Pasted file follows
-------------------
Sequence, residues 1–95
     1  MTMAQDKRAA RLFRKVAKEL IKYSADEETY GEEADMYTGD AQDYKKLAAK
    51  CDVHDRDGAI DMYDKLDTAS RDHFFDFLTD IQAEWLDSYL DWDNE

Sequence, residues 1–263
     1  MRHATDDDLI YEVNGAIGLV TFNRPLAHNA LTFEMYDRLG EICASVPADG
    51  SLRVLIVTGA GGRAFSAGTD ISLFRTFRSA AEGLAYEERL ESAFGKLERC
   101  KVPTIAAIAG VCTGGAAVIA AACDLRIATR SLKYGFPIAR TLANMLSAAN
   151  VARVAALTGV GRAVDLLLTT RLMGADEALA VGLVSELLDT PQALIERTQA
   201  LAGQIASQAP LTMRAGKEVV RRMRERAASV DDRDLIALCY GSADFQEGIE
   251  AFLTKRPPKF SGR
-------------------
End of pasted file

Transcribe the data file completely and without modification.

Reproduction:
Sequence, residues 1–95
     1  MTMAQDKRAA RLFRKVAKEL IKYSADEETY GEEADMYTGD AQDYKKLAAK
    51  CDVHDRDGAI DMYDKLDTAS RDHFFDFLTD IQAEWLDSYL DWDNE

Sequence, residues 1–263
     1  MRHATDDDLI YEVNGAIGLV TFNRPLAHNA LTFEMYDRLG EICASVPADG
    51  SLRVLIVTGA GGRAFSAGTD ISLFRTFRSA AEGLAYEERL ESAFGKLERC
   101  KVPTIAAIAG VCTGGAAVIA AACDLRIATR SLKYGFPIAR TLANMLSAAN
   151  VARVAALTGV GRAVDLLLTT RLMGADEALA VGLVSELLDT PQALIERTQA
   201  LAGQIASQAP LTMRAGKEVV RRMRERAASV DDRDLIALCY GSADFQEGIE
   251  AFLTKRPPKF SGR